Three major experiments aimed at detecting elusive dark matter particles believed to make up most of the matter in the universe have gotten a financial shot in the arm. Two of the projects are at large national laboratories; the other is at the Univ. of Washington (UW). The selection will bring greater intensity to the UW research, with more equipment and scientists involved in the work.
Researchers from Aarhus Univ. and Caltech have developed a new method for organizing molecules on the nanoscale. Inspired by techniques used for folding DNA origami, the team fabricated complicated shapes from DNA's close chemical cousin, RNA. Unlike DNA origami, whose components are chemically synthesized and then folded in an artificial heating and cooling process, RNA origami are enzymatically synthesized.
A speedy way to mimic the aging of materials inside nuclear reactors has matched all aspects of the damage sustained by a real reactor component for the first time. The method could help the U.S. and other countries stay ahead of potential problems in reactors that run for 40 years or more and also test materials for building advanced reactors.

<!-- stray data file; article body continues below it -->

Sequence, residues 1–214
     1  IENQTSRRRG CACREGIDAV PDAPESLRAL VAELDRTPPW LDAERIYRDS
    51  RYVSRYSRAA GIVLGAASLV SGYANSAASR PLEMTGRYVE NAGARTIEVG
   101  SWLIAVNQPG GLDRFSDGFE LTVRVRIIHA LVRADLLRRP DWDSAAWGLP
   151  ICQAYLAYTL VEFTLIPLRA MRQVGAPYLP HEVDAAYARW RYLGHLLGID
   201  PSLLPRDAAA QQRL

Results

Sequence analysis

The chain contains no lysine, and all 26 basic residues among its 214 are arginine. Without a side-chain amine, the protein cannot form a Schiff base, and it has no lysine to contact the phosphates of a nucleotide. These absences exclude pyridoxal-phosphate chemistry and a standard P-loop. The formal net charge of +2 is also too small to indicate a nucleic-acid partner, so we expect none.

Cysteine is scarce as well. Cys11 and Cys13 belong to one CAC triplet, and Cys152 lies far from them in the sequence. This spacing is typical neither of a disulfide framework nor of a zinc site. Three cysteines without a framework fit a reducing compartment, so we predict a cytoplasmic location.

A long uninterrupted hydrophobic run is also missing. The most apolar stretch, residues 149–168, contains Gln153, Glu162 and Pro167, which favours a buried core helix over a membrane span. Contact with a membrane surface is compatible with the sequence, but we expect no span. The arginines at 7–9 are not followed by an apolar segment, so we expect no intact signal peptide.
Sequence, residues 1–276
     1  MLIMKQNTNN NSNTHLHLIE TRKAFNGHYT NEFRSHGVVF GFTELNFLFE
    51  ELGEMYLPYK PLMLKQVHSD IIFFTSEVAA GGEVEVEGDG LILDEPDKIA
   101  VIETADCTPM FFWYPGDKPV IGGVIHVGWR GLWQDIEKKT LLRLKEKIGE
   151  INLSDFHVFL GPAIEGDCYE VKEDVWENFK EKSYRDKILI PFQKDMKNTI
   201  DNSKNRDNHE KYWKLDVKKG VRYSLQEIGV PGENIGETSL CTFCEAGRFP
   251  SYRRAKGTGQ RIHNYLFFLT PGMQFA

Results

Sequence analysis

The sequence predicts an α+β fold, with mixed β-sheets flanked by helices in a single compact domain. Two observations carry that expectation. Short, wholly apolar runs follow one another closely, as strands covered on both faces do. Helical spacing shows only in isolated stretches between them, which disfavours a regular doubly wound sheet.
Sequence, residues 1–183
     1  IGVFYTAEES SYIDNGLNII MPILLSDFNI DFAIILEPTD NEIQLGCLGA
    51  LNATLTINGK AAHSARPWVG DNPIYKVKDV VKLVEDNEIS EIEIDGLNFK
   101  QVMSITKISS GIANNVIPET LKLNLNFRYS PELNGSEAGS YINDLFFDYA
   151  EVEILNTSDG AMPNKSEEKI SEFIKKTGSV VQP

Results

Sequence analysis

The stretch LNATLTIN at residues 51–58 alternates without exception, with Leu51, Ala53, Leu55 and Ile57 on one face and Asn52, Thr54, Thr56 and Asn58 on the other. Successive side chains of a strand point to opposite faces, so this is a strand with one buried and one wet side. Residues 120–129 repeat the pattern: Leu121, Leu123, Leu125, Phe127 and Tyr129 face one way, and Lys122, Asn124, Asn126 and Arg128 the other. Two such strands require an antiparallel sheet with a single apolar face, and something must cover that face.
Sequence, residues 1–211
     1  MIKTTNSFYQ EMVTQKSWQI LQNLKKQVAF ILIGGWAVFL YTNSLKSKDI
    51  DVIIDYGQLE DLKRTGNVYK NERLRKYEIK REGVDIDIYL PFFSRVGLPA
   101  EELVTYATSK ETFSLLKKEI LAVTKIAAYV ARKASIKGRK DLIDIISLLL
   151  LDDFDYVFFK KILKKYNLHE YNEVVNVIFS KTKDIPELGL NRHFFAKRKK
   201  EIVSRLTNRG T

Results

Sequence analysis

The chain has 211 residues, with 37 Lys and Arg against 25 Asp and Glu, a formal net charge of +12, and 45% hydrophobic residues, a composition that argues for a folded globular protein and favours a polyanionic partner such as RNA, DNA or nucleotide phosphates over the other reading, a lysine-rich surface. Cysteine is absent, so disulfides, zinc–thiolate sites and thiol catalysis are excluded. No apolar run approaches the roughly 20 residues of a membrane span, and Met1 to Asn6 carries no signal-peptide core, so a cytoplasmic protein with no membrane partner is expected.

With a method known as finite element analysis (FEA), engineers can generate 3-D digital models of large structures to simulate how they’ll fare under stress, vibrations, heat and other real-world conditions. Used for mapping out large-scale structures, these simulations require intensive computation done by powerful computers over many hours, costing engineering firms much time and money.
Most microscopes are expensive, built with high-quality metals, optics and electronics to perform with high accuracy. However, not all useful microscopes need to be built this way, and Stanford Univ. has taken this premise to the extreme with a microscope that is made with parts that cost less than $1. A frugal, origami-based solution, the Foldscope can be assembled from 2-D media in less than 10 min, yet can provide more than 2,000X magnification, which is submicrometer resolution.
While it's becoming commonplace for patients to see the results of laboratory work electronically, a new Univ. of Michigan study suggests that many people may not be able to understand what those numbers mean. The research found that people with low comprehension of numerical concepts—or numeracy—and low literacy skills were less than half as likely to understand whether a result was inside or outside the reference ranges.